MITX - Massachusetts Innovation & Technology Exchange


June, 2012

BzzAgent Founder/CEO Shared his Story at Last Week's XSITE Conference

Last Thursday’s XSITE conference at Babson College, our fourth annual full-day innovation conference (see photos here), had plenty of highlights that didn’t make it into my previous recap. One of them was a session on “founders’ stories” in tech companies. Of particular note: mistakes made, how to fail fast, how to choose a founding team, hiring and firing, and work-family balance (or lack thereof).

On the panel were Dave Balter, founder and CEO of marketing firm BzzAgent (acquired by Dunnhumby/Tesco); Bettina Hein, founder and CEO of video startup Pixability; and Rob May, founder and CEO of online data startupBackupify. All have experience leading previous businesses as well. Noam Wasserman, a Harvard Business School professor whostudies the dynamics of company founders, was the moderator.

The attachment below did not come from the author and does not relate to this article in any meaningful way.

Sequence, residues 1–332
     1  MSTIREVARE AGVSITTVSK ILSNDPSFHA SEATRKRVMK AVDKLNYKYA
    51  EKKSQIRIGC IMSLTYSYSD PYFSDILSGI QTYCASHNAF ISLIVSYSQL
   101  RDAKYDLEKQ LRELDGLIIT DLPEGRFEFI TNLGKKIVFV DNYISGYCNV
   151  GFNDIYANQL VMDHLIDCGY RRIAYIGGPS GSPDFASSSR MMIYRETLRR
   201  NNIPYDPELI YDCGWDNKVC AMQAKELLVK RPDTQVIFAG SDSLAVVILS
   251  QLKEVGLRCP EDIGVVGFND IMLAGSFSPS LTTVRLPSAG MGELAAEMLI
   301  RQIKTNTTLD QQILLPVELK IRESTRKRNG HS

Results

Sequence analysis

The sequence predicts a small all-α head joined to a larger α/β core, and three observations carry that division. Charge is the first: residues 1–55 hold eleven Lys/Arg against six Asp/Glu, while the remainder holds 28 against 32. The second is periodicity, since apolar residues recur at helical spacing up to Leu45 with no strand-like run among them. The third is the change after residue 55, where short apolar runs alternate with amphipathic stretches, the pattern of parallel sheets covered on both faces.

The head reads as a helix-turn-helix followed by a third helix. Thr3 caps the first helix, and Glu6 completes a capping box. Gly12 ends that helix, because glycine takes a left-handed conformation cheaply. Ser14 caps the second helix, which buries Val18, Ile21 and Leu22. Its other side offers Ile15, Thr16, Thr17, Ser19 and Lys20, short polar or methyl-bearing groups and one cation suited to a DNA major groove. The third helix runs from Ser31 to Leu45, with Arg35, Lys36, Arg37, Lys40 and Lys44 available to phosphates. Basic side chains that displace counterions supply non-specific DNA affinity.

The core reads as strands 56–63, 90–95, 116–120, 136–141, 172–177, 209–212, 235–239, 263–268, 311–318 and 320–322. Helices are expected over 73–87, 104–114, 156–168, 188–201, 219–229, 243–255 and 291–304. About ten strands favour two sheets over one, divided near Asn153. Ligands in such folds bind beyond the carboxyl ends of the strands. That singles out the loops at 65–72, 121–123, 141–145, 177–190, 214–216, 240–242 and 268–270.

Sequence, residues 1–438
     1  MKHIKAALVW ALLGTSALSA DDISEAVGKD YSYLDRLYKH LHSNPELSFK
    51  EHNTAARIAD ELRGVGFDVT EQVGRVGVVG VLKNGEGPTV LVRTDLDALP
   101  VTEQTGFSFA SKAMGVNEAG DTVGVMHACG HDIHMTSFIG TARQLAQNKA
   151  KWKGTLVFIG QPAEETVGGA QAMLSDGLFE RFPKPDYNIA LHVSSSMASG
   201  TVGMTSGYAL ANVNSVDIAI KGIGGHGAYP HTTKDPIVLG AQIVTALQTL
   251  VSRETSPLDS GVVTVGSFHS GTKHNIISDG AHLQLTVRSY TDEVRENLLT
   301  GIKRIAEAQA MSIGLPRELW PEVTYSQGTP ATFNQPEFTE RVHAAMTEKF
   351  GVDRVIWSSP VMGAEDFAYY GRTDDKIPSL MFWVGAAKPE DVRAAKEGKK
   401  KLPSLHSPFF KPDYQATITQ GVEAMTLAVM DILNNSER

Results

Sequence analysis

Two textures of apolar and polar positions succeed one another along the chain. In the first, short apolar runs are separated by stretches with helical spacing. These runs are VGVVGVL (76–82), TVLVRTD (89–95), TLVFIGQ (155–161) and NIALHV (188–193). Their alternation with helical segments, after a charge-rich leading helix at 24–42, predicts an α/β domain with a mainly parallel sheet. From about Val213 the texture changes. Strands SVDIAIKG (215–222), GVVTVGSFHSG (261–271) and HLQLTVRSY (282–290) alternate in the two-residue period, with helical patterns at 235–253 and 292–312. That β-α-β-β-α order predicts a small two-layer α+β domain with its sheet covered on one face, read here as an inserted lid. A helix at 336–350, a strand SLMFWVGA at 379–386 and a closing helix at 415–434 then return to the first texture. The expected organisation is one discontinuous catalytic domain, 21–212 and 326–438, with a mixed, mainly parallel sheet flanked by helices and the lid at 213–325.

You can check out a short video of the session, courtesy of Pixability, below.

A few highlights:

Rob May, on taking the entrepreneur plunge: “Once you realize that this thing of failure isn’t that bad, it becomes really easy to take the next jump again.” (Heck, what’s $50K in credit card debt?)

Dave Balter, on one of his previous ventures: “It was a 50-50 partnership, which you should never ever do.” And on recruiting: “People come into your lives for lots of reasons. You’ve got to find the path that they’re going to work with you on. It may change over time, but hiring is as much an art as it is a science.”

For me, probably the highlight of the session was the “Parenting 101” portion at the end. Bettina Hein said having a baby has made her a much better CEO. “Having a child does something to a woman,” she said. “It changes your brain. It strengthens your frontal cortex.”

Interestingly, both men on the panel had the opposite reaction. “If you can start a company when you’re single or without kids, I think it’s definitely better,” May said. Balter agreed. Somehow, I’m not surprised-men may do less, but we suffer more (or at least complain more).

Source: Xconomy
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